Ryanair announces its Winter 2022/23 schedule for Hungary, denounces Hungarian tax

Ryanair has announced its upcoming Hungarian Winter 2022/23 schedule with one new route to the exciting destination of Lanzarote.

This brings Ryanair’s total Winter 2022/23 routes to/from Hungary to 53, giving customers more Winter travel options and driving further inbound tourism throughout the off-peak season.

With 90 bases and over 2,500 routes operating across 36 European countries this Winter, Ryanair continues to drive traffic recovery and create jobs across Europe sustainably with a growing fleet of new Boeing 737 “Gamechanger” aircraft, which burn 16% less fuel and 40% less noise emissions, while adding 4% more seats.

In other news, Ryanair has called on Minister of Economic Development, Márton Nagy, to explain why;

  1. Airlines are being levied an excess profits ‘tax’, to ‘protect Hungarian families’, when airlines are reporting record losses due to Covid and the Ukraine invasion.
  2. Why are Hungarian families and visitors being asked to pay higher fares when air travel to/from Hungary has suffered 2 years of Covid and Ukraine losses?
  3. How does raising taxes on air travel ‘help’ Hungarian families.

This is not an ‘excess profits’ tax, it is just highway robbery by a Government that is completely out of touch with reality. When other EU Govt’s are cutting travel taxes/airport charges to recover traffic, tourism and jobs post Covid (and the Ukraine invasion), Hungary’s Minister Nagy is following a new and failed economic strategy of imposing ‘excess profits’ tax on loss making airlines like Ryanair and Wizz, which will further reduce the competitiveness of Hungary’s air travel and tourism industries.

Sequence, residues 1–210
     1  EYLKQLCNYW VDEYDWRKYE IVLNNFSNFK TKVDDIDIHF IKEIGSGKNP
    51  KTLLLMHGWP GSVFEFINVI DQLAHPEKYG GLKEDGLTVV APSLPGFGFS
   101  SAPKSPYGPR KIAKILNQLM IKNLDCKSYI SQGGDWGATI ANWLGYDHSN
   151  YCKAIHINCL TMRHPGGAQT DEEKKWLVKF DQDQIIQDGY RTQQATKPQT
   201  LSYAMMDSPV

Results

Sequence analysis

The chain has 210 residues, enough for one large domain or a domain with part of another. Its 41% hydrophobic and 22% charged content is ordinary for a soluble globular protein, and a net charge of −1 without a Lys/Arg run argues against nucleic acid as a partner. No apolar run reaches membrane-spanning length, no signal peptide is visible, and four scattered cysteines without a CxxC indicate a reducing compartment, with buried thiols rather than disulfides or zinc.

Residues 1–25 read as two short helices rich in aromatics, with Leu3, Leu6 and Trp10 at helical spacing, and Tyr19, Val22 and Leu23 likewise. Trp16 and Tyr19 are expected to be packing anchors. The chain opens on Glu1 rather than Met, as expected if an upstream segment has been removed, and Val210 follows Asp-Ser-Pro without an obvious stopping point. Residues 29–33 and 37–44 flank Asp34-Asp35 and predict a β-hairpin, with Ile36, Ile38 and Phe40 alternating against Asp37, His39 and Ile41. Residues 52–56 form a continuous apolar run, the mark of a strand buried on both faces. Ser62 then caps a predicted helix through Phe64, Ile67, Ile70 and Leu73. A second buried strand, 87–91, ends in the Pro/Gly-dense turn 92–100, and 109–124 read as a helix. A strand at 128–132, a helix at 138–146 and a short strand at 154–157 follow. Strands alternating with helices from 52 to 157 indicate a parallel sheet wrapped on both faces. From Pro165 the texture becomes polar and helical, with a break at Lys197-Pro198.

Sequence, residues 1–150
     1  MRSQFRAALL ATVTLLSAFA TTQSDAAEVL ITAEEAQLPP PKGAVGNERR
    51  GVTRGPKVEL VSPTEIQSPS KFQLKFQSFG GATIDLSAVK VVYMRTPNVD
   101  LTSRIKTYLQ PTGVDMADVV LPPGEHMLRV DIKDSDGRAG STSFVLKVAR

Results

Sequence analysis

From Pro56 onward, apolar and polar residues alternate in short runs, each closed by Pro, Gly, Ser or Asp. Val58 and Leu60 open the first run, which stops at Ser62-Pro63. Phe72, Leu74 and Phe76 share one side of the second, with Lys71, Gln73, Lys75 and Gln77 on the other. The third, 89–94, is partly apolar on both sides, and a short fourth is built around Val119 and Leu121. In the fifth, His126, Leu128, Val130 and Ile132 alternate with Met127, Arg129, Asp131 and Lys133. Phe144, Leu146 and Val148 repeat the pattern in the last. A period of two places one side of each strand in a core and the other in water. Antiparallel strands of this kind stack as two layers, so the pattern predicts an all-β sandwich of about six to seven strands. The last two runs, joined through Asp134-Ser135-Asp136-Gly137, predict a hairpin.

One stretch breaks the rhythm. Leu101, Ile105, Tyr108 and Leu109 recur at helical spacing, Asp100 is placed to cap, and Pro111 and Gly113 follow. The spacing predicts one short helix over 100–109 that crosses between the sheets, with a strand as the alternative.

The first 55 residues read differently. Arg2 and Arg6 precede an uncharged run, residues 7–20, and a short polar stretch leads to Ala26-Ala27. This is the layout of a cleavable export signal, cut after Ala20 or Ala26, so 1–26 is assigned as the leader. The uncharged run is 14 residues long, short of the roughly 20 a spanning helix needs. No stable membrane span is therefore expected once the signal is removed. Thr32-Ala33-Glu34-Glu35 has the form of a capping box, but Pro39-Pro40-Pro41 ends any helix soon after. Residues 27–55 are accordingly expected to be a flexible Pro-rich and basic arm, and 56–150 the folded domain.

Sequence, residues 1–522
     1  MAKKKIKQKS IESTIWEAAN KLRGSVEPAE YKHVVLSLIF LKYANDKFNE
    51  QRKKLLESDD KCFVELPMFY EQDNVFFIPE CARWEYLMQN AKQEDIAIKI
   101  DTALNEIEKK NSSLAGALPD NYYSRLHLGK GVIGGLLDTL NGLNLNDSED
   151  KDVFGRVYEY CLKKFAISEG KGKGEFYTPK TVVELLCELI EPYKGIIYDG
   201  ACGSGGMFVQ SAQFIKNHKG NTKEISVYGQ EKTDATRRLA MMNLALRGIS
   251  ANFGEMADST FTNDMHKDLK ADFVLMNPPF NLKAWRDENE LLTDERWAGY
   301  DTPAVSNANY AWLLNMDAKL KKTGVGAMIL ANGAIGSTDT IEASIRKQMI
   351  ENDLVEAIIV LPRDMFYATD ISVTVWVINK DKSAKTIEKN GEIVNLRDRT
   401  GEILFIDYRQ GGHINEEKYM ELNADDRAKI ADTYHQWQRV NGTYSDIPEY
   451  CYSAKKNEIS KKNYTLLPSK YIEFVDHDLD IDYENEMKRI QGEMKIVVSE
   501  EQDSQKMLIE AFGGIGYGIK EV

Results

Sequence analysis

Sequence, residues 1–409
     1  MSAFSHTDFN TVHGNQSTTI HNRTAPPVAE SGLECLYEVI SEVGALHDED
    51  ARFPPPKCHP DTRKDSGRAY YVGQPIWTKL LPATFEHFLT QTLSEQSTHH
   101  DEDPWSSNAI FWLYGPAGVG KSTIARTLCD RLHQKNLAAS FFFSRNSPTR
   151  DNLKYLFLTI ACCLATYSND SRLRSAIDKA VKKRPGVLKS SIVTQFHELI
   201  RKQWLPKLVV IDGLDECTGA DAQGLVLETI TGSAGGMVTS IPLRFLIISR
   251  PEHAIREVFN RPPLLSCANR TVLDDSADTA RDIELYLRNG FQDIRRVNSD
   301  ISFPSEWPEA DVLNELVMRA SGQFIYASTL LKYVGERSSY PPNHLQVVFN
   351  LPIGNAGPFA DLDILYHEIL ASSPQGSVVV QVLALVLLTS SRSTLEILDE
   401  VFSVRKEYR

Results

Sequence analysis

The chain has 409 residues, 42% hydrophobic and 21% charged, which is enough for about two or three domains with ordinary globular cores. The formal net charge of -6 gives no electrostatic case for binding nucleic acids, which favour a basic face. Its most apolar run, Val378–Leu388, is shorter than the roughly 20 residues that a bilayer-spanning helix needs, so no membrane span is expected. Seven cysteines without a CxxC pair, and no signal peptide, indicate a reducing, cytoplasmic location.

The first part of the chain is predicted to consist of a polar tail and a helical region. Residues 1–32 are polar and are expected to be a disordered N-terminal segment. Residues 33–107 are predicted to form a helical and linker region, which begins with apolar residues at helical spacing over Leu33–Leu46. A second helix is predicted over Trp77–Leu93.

Ryanair welcomes the proposed consumer protection investigation and calls on the Budapest City Council to extend this probe to investigate how the Hungarian Government is introducing an ‘excess profits’ tax on a loss-making industry such as airlines. When the loss-making airlines are trying to recover from Covid and Russia’s invasion of Ukraine, the last thing we or passengers need is an ‘excess profits’ tax. Perhaps Minister Nagy can explain why this idiotic tax is being imposed on the loss-making airline sector.

Ryanair’s CEO Michael O’Leary said:

“One can understand why the Hungarians might impose an excess profits tax on the oil and gas sectors, who are making windfall profits as a result of Russia’s illegal invasion of Ukraine. But to extend this ‘excess profits’ tax to a loss making industry like air travel, which is struggling to recover from 2 years of Covid, and the more recent impacts of Russia’s invasion of Ukraine, shows that Minister Nagy has forgotten his economics. We will be sending him a new booklet ‘Economics for Dummies’, which we hope he will study so he can now explain why an ‘excess profits’ tax is being imposed on a loss-making industry like airlines. These taxes cannot be borneby loss-making airlines, hard-pressed passengers or their families, and will therefore lead to a dramatic fall in air traffic in Hungary at a time when Hungary’s tourism sector is preparing for post-Covid recovery.

At a time when many other EU countries are lowering taxes and fees to recover traffic, tourism and jobs, the Hungarian Govt. is doing the opposite by making air travel to/from Hungary more expensive and less competitive, which will damage Hungarian air-traffic, tourism and jobs recovery. We call on Minister Nagy to reverse this idiotic ‘excess profits’ tax, or at least confine it to industries like oil or gas who are making windfall profits, and not airlines who are reporting record losses”.

Ryanair aircraft photo gallery: